Fluor (FLR) is doing a remarkable face plant today as a cool $500M of market cap has gone bye bye. I can't find any reason for it other than a downgrade by Bear and the ugly technicals. What inquiring minds want to know is whether Caterpillar (CAT) can be far behind, if the fundies are what's driving FLR.
Position in CAT
Pretty Sneaky Sis! - Todd Harrison - 1:04 PM
Keep an eye on the CRB as we edge below the 200-day and once again test the multi-year trendline. The pffft! is occuring despite relative traction in the precious metals as crude (-2%), unleaded gas (-4%), sugar (-3.3%), heating oil (-3%) and coffee (-2%) all contribute to the decline.
It's interesting to note the greenback traction as well, which fits into the "asset class deflation vs. dollar devaluation" thesis we so often discuss. With market breadth steadily negative (3:1 losers), please keep your right paw up as we dabble through Red Dye.
The bearish post of the day. Or is it? - Vitaliy Katsenelson - 12:41 PM
I have a hard time getting excited about the stock market these days: Valuation is still high, it's even higher if high corporate profit margins are taken into consideration. Consumers, two thirds of the economy, are leveraged and there are solid signs that their biggest asset (their house that they have taken to the bank many times over the last couple of years) is getting deflated little by little.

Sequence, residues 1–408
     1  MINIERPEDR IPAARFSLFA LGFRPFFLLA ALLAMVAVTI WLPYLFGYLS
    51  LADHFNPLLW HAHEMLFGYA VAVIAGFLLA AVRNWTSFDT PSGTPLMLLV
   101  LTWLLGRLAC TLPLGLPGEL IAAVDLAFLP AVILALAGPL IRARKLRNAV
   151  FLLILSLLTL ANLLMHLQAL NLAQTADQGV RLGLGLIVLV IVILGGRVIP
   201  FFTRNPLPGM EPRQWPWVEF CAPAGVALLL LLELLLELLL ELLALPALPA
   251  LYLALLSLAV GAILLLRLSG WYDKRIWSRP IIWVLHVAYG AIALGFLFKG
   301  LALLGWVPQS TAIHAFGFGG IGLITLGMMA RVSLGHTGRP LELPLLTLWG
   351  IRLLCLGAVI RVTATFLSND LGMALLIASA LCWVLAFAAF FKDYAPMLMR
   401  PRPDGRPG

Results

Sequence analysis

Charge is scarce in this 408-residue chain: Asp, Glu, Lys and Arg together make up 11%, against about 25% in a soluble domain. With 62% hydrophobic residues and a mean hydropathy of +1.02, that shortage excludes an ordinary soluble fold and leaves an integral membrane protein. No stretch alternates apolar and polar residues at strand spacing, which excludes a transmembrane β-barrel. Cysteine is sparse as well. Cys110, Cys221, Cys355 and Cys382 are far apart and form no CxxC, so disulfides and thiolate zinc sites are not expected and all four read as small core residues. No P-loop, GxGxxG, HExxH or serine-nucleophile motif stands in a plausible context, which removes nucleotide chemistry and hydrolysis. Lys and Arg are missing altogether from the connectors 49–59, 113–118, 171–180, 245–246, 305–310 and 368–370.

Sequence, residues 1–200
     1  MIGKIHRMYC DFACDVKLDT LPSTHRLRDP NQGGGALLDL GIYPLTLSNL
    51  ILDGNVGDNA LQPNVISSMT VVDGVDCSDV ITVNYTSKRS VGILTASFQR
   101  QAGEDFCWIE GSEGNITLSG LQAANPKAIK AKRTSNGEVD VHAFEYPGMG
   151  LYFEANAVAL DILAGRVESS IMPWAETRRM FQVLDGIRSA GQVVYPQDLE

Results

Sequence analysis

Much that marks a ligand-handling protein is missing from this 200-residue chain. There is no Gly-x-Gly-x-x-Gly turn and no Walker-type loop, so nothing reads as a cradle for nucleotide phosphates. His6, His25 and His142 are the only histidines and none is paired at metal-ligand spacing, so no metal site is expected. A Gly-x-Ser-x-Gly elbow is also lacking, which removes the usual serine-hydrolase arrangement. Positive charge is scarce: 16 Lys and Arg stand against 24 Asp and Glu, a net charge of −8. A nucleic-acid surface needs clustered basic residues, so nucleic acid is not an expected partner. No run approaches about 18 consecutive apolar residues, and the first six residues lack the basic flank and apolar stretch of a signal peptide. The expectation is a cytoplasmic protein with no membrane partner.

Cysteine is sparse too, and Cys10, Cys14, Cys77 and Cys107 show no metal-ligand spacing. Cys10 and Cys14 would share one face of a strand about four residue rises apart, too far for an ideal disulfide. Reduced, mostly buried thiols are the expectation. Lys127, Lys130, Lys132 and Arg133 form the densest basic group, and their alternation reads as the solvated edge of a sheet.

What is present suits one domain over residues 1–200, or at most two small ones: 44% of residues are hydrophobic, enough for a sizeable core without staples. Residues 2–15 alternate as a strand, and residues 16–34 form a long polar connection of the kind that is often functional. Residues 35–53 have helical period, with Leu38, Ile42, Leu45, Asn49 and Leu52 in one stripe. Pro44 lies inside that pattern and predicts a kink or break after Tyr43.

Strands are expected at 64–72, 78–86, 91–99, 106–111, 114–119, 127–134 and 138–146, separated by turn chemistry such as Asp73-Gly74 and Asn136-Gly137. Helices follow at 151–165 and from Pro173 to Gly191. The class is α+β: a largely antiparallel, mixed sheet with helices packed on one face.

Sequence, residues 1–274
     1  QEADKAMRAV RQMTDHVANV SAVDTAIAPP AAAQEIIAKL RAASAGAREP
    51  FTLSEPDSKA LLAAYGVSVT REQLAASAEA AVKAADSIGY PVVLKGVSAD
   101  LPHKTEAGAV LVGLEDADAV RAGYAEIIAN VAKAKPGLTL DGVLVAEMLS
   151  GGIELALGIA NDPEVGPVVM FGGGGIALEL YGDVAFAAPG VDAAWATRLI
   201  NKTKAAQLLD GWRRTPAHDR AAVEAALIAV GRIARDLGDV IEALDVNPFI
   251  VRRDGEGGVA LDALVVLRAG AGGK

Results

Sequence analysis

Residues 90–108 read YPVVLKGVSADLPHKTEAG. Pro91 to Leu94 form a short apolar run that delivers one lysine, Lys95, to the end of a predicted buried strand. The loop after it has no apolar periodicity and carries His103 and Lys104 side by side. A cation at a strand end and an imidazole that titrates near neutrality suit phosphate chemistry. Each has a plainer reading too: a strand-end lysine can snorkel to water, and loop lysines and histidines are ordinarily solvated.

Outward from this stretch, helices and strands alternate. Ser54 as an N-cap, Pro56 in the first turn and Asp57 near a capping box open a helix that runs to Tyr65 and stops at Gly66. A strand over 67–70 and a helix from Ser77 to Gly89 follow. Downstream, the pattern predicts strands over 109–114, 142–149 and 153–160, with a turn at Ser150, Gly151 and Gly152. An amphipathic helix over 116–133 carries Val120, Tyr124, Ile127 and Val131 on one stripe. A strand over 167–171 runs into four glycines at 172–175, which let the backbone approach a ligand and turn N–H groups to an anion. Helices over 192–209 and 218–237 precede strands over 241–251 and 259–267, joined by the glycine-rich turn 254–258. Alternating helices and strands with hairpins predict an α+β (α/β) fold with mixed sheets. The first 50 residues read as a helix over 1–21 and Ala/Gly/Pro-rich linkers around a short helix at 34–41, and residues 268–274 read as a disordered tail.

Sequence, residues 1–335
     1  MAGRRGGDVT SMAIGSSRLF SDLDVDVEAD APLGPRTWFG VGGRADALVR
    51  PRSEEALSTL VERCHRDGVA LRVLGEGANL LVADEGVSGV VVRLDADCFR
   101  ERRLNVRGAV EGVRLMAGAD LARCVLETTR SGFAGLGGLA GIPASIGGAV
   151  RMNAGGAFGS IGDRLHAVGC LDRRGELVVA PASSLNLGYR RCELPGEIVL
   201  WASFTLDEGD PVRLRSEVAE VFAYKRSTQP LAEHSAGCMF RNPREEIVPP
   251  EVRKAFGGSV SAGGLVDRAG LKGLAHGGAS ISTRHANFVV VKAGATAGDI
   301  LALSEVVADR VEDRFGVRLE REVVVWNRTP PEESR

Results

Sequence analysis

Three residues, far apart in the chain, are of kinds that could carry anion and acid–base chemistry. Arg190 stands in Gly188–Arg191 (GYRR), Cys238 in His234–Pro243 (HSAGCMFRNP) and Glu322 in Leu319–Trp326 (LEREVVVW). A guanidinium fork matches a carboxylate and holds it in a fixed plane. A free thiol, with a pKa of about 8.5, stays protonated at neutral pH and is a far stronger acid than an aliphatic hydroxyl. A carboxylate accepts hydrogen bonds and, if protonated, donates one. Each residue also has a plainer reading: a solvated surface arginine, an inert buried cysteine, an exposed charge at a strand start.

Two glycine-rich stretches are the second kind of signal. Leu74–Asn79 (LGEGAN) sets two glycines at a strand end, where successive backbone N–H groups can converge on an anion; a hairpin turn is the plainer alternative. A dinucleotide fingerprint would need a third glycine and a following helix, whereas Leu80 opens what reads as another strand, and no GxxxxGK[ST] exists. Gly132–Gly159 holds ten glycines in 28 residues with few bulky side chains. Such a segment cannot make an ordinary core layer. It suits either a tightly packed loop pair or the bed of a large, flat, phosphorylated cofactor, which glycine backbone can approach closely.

No, I am not bullish on the market. So, after reading this, should readers sell every stock holding and go to cash? Or worse, buy bonds? No. I am not bullish on bonds either. And Bennet's whispers through instant messenger confirm my bearishness. What is there left to do? Gold? Well, I have no idea what gold is worth. Really, I don't know how to value it. It has a negative cost of carry. Besides a little fact that it doesn't generate cash flows, it costs investors to hold it. Looking at history, gold has not been a good investment. It has barely kept up with inflation. I also believe that TIPS will challenge (at least in part) gold's protector against inflation status.